There are multiple varieties of lavender used for medicinal essential oils. True lavender (Lavandula angustifolia) is the most common species harvested for its essential oil, and has been in use for thousands of years. True lavender grows at altitudes above two thousand feet, and has been used historically to treat throat infections.
Spike lavender (Lavandula latifolia) was traditionally used for headaches, rheumatic pain, colic and dyspepsia. It grows at lower altitudes than true lavender and has a very high yield. Spike lavender has gray-blue flowers, and is mainly grown in France and Spain for essential oil use.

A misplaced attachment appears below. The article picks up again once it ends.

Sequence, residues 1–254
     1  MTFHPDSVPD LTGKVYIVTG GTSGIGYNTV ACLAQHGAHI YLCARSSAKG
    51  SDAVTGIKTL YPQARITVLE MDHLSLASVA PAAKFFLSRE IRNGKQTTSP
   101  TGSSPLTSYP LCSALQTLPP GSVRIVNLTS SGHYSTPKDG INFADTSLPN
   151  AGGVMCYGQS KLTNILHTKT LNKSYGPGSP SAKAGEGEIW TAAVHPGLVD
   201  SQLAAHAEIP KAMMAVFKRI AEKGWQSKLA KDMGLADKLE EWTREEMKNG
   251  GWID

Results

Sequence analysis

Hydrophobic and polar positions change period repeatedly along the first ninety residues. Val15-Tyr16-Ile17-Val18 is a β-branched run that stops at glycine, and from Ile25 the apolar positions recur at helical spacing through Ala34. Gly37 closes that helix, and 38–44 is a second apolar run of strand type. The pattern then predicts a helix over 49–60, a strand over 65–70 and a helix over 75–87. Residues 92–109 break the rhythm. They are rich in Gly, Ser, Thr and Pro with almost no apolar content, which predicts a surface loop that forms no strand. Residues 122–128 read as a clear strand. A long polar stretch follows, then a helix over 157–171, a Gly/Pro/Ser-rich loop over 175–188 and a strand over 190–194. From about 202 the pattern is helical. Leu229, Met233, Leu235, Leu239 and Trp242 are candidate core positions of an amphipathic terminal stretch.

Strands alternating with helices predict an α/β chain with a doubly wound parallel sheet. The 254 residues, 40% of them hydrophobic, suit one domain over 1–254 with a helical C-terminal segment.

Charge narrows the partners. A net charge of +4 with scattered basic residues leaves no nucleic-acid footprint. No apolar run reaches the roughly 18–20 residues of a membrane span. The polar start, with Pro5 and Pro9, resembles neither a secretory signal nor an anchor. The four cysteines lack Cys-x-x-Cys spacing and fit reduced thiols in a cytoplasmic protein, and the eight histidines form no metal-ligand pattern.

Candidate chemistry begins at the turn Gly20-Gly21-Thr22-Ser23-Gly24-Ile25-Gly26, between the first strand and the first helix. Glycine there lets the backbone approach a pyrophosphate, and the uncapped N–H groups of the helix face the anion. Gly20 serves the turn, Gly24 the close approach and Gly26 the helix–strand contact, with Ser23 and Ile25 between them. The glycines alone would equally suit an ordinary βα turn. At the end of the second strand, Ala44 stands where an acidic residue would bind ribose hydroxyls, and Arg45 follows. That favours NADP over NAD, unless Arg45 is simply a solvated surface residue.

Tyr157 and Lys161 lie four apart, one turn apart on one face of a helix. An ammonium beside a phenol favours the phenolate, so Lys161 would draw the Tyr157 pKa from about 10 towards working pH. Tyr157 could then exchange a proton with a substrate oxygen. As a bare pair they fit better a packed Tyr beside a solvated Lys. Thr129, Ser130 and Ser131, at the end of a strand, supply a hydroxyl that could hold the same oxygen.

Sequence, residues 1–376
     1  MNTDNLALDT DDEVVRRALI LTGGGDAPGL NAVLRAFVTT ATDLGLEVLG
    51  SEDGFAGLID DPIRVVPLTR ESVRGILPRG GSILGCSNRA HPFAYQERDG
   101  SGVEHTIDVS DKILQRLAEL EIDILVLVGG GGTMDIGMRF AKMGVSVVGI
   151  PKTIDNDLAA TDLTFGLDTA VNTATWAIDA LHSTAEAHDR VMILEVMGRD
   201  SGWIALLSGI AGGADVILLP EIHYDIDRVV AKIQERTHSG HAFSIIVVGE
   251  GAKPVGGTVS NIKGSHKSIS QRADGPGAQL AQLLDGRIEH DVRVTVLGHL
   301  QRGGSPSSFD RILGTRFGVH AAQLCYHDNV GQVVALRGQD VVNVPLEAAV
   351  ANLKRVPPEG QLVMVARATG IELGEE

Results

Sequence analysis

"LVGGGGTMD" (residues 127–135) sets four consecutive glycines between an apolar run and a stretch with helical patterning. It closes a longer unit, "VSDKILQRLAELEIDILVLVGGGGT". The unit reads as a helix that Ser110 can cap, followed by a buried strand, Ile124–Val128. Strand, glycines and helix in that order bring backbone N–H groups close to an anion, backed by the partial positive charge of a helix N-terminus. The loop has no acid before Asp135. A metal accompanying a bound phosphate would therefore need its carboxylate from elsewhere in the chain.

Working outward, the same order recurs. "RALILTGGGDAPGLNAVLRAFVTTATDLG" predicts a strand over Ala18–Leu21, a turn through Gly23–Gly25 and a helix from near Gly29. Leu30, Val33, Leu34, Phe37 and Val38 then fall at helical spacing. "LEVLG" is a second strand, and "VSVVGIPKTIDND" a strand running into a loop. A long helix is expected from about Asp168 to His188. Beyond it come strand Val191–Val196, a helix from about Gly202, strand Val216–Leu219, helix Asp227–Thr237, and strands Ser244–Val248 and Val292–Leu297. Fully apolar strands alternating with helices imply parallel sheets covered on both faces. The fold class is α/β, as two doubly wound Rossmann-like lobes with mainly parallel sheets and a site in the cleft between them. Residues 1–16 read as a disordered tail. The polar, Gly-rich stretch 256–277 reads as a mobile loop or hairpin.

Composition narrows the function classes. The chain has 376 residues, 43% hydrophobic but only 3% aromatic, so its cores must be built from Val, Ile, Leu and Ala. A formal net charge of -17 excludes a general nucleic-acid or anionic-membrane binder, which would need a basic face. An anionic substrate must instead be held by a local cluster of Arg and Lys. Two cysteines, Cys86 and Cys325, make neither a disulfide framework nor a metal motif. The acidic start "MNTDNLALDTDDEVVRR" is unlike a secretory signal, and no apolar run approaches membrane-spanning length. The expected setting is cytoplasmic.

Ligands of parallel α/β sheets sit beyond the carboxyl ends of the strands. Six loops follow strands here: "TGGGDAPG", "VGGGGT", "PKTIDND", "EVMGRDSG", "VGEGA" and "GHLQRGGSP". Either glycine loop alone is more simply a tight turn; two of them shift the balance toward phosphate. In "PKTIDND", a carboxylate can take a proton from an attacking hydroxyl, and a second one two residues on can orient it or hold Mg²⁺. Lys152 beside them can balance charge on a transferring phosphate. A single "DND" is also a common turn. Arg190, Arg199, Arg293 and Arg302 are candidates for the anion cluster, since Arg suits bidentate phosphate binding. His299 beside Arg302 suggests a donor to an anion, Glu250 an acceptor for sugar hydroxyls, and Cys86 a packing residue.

Lavender as a species, and within the species, varies from plant to plant and from oil to oil due to factors such as climate, environment, altitude grown at and country of origin. However, each type of lavender oil does carry a similar chemical make-up. The main chemical constituents of lavender are as follows:
- Lavandula angustifolia – predominately esters and alcohols
- Lavandula stoechas – predominately ketones (the high amounts of ketones is why this type of lavender is usually avoided in aromatherapy.)
- Lavandula latifolia – predominately oxides, alcohols, followed by ketones and monoterpenes
- Lavandula x intermedia – predominately alcohols and esters.